bok bok in conversation with egyptrixx
DJ Bok Bok's label Night Slugs has just released the second full-length album by Egyptrixx, one of several projects by Toronto-based artist David Psutka. Diving deep into conversation with the producer, Bok Bok discovers his artistic inspiration and...
Egyptrixx by Seth Fluker
As you read on, listen to the Egyptrixx 7 hour texture and drone mix.
The new LP A/B Til Infinity is Psutka's most thorough exploration yet into what Egyptrixx is about. The record is a result of a collaborative process with Berlin-based visual artist Andreas Fischer (or A.N.F). The pair agreed on a set of guidelines around which both visuals and audio would be created in tandem, with Egyptrixx reacting to A.N.F's visuals as they were being made.
David and Andreas first worked together back in 2011, on Start From The Beginning, the opening track to Egyptrixx' first album Bible Eyes. Using his unique 3D rendering techniques, Andreas captured the exact feeling of Egyptrixx music. This is fascinating to me as Night Slugs' day-to-day Art Director, because I am constantly trying to achieve that kind of audio-visual synergy with all the art for the label. David and I recently had a post-release London-to-Toronto Gchat about his work with Andreas and the visualisation of Egyptrixx.
I want to talk a bit about visualisation of ideas and maybe even synesthesia. What's interesting is you and Andreas sort of went through a similar process to what goes on with most NS releases and my thought process about representing them visually. But you guys did that almost totally independent of me, and with a very specific set of guidelines.
Yeah, definitely. I'm not sure if I technically qualify as having synesthesia, but I have an extremely strong color and texture association with music my own and stuff I listen to.
Can you remember what initially attracted you to Andreas' work?
You actually said something a few years ago now, how Andreas had more or less created a visual motif for Egyptrixx. It was very true, I think he was succeeding at doing things with his visual art that I wanted to do with music. It was more aspirational initially [laughs]. Texturally, we have very similar tastes. Like, the textures in his work are similar to sounds that appeal to me. Glassy, reflective, crystal...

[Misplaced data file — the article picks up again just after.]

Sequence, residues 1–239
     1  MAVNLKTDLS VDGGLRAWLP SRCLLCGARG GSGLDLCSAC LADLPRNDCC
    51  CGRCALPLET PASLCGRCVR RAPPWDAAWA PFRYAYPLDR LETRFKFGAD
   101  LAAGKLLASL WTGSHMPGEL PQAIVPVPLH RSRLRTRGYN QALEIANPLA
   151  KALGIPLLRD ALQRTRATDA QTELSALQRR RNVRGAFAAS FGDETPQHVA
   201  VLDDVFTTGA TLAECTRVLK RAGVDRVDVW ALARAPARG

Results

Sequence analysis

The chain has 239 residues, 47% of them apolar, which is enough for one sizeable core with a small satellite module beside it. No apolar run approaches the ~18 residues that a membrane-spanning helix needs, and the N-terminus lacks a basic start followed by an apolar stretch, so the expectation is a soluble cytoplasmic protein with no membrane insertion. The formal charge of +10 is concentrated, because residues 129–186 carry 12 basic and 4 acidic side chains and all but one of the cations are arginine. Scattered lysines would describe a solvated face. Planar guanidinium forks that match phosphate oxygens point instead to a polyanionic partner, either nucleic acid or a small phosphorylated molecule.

The gyrating and seismic feel to it all too…
Also his early videos were so simple and really abstract in an almost confusing way. I love that. I love ideas that leave lots of room for the viewer, listener etc. to have input - to make things meaningful for them individually. Like Donald Judd, James Turrell, Eliane Radigue, Paul Thomas Anderson, etc.
It's almost like both the music and visuals of A/B put the viewer in a space - its a experiential project.
Yeah I think there is a parallel in his fixation on 3D movement and my own personal fixation on the stereo field. But we've actually never discussed it.
The space is described to the point of tangibility almost. You're so HD!
It's really exciting how well it came together. We really didn't discuss it much either. It was a series of very hasty and brief Gchats
So, I remember when we first started talking about the album cover, prompting you to try to describe the place your new music was occupying. I think a lot of those cues came directly from the video Andreas did for Start From The Beginning. Did you have preconceptions about how visuals would look and to what extent were those fulfilled for you?
Yeah, it's interesting how clear and precise my understanding of this project is now. At one point it was just the opposite - after the Bible Eyes tour dates I was in equal parts indecisive, unsure and ambivalent honestly. That was an amazing exercise for clarity, to try and visualize where a project exists in one's imagination. I didn't have much of an idea of how things should look. I had a few guiding principles in mind but nothing concrete. Andreas nailed it with a few of his early sketches and we continued in that direction.
Do you feel like visualizing your music is becoming an early part of your process?
Yes, I would go beyond that. I actually do most of the songwriting with a paper and pen. Once I've figured out a general focus for a song, I'll usually do most of the arrangement, sequencing and sound design with notes and sketches in a notepad. I don't even turn the synths and computer on until its mostly drawn up. Obviously things change a bit by the time its finished, but so much of the process is visual and non-musical. I was looking at a lot of Donald Judd stuff while working on A/B, and tried to copy some of his ideas with sound. "ax//s" for example.
A lot of people will find that fascinating to read I think, because a lot of producers work in such a hands on / trial and error sort of way...
Yeah, I think it's a stress-free way to work. When I've worked as a studio producer with artists, I usually force them to try it if dealing with writers block or something. It's a good trick. Also find it very hard to be creative in front of a glowing screen, you know?
I have to tell you, I find Egyptrixx very satisfying because of the continuity. I feel you really sealed that with this new record, but even before that there were really distinct threads running through your music under that project.
Yeah, I'm not sure I explicitly knew this when I started Egyptrixx, but continuity is so important to me. Doing less, saying fewer things. It's present in almost everything I like. I'm going to go deep with this one. I've been meditating quite a lot in the past few years and have really connected. Transcendental meditation and groove based dance music aren't really that different.
I have never meditated, but I think I would like it if I could embrace it.
It's like an antidote for the Internet.
Text Bok Bok
Photography Seth Fluker